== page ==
Arizona Game And Fish Installs Artificial Fish Habitat In Roosevelt Lake
Arizona Game and Fish Department biologists and volunteers have begun placing artificial habitat in Roosevelt Lake, hoping to help bass and crappie recover from vegetation loss and competition with nonnative shad.
The work is part of a larger plan, the Tonto National Forest Lakes Habitat Improvement Project, which is meant to improve the sustainability — and fishing prospects — of a handful of central Arizona lakes.
More than 100 years old, Roosevelt Lake is one of several Salt River reservoirs. At first, the natural vegetation flooded by Roosevelt dam provided the necessary habitat, but it has since decomposed, said Dave Weedman, statewide aquatic habitat program manager for Game and Fish.
“Natural vegetation has degraded and broken down, and is basically gone from most of the lower levels of Roosevelt. So, this artificial structure is intended to replicate what used to be there with the natural vegetation that got flooded.”
Made of recycled, eco-friendly PVC, the pretend-plants unfold and screw together like plastic Christmas trees. Each Fishiding HighRise offers 110 square feet of surface area where food can grow, attracting bait fish and the sport fish that eat them.
Weedman said such cover is key for bass and crappie, which are part of the sunfish family called Centrarchidae.
“They use that cover as a way to camouflage themselves or hide so that they can ambush smaller prey species. They also do a lot of their nesting and spawning activity underneath the structures or under cover.”
The artificial plants will join other fake habitats, including PVC-and-drainage pipe structures called Georgia boxes, many-branched fake shrubs named Mossback Safe Havens, and more than 180 concrete fish balls fashioned by volunteers over the past two years.
“They all essentially serve the same purpose, which is just adding some physical, vertical structure to the water column for the fish to use as camouflage habitat and hiding habitat,” Weedman said.
Weedman said that Game and Fish identified Roosevelt as its top priority after troubling survey data and community reports hinted that crappie and largemouth bass in the reservoir were struggling.
“We felt like we needed to do something to improve spawning and rearing habitat, and provide ambush sites for these fish to be more efficient predators on gizzard shad.”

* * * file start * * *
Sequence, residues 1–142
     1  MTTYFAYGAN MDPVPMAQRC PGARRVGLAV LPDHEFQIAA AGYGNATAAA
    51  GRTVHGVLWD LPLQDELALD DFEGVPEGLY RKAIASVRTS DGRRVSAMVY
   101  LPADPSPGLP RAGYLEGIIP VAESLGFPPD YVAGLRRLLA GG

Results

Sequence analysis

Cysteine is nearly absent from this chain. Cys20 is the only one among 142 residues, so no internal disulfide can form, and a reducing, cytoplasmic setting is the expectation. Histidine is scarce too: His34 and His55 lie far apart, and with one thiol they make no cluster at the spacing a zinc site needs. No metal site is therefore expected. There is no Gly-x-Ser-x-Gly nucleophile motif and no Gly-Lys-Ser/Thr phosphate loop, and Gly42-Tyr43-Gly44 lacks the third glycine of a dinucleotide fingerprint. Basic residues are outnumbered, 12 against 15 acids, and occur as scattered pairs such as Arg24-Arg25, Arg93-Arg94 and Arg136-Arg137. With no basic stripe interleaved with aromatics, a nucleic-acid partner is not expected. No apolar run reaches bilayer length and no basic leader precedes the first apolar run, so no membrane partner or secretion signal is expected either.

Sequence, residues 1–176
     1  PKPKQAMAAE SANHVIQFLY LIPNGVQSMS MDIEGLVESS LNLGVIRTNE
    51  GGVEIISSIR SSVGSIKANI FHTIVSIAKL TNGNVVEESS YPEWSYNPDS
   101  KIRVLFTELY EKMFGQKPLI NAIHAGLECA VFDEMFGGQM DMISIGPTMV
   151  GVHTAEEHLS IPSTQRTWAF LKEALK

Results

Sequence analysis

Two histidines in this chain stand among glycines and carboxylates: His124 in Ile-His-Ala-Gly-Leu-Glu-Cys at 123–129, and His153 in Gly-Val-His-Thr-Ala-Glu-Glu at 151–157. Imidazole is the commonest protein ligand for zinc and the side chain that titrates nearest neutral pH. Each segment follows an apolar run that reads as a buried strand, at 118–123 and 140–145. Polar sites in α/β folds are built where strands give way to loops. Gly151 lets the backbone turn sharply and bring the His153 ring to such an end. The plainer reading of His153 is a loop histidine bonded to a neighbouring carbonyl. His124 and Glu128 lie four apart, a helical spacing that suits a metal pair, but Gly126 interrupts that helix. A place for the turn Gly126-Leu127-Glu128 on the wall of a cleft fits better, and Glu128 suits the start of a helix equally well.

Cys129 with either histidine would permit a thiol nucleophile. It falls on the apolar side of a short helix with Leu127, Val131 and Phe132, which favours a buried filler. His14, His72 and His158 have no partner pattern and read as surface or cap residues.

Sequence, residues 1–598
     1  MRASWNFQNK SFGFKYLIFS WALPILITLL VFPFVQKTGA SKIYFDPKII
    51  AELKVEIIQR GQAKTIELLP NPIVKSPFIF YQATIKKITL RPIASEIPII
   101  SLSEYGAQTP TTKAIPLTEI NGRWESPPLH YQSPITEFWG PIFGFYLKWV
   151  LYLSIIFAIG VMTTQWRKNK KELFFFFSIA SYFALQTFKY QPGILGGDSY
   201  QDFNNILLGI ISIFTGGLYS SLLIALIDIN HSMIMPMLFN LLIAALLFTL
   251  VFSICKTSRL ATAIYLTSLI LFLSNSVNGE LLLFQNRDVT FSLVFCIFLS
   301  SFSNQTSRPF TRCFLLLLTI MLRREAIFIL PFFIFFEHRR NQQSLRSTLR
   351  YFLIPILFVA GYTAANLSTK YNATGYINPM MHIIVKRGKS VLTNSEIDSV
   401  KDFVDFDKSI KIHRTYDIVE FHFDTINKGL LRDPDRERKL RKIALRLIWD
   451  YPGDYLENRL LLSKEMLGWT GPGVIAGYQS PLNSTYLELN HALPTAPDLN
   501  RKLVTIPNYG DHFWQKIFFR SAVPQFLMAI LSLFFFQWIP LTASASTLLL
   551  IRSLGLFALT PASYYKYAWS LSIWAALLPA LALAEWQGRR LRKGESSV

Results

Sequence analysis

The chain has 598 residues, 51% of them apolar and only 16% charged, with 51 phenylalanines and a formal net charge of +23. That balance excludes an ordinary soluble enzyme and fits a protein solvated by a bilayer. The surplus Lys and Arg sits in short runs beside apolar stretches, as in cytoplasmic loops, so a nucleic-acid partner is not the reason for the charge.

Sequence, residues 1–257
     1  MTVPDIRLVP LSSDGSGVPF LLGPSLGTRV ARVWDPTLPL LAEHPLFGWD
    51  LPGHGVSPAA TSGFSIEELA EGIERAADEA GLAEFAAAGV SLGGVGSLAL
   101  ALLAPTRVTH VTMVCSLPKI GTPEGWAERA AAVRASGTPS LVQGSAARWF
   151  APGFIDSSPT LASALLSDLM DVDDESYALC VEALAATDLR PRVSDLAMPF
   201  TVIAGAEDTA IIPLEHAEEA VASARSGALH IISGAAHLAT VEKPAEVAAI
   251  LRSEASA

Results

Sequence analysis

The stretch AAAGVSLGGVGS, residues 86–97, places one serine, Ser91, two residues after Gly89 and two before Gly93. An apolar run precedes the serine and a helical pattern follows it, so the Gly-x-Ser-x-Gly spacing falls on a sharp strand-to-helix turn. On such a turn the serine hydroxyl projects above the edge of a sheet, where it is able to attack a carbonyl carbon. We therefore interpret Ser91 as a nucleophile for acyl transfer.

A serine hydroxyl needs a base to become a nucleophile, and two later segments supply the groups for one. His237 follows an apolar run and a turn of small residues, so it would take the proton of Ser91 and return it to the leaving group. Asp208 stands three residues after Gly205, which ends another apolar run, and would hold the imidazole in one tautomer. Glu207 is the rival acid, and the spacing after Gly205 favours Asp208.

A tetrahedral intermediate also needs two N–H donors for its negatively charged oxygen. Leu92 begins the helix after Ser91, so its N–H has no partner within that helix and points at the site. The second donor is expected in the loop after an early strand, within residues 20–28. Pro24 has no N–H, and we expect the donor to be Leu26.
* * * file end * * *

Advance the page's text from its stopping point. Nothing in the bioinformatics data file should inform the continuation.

But Roosevelt presents particular difficulties for natural vegetation: like Bartlett, its water level fluctuates significantly over the seasons, killing plants and eroding essential soil around its margins — the littoral region where bass and crappie live.
The lake rose 45 feet under the winter rains, and currently stands at 70 percent full for the first time in five-and-a-half years. But what goes up must come down, and Weedman and his colleagues had to take into account the fact that lake levels will drop again as the Valley draws on its water.
“I ran a hydrologic analysis on lake levels for the reservoir to find that band of water where, over time, the lake has been 70-80 percent of the time, and that winds up being 2,060 to 2,080 to 2,090 feet above sea level.”
With this in mind, Game and Fish placed the habitats in 50-65 feet of water, so that lowering water levels would bring them into the ideal depth range of 20-30 feet.
“At that zone, they’ll get enough light penetrating that they’ll grow their own layer of algae and periphyton, which will attract small bait fish, and then that in turn will attract some larger sport fish that will hang around and use that cover to ambush the smaller bait fish that are attracted by the structures,” Weedman said.
The project plans to add habitat to other Salt River lakes, including Apache, Canyon and Saguaro, as well as Bartlett Lake, which formed from damming the Verde River. All five reservoirs are managed by Tonto National Forest.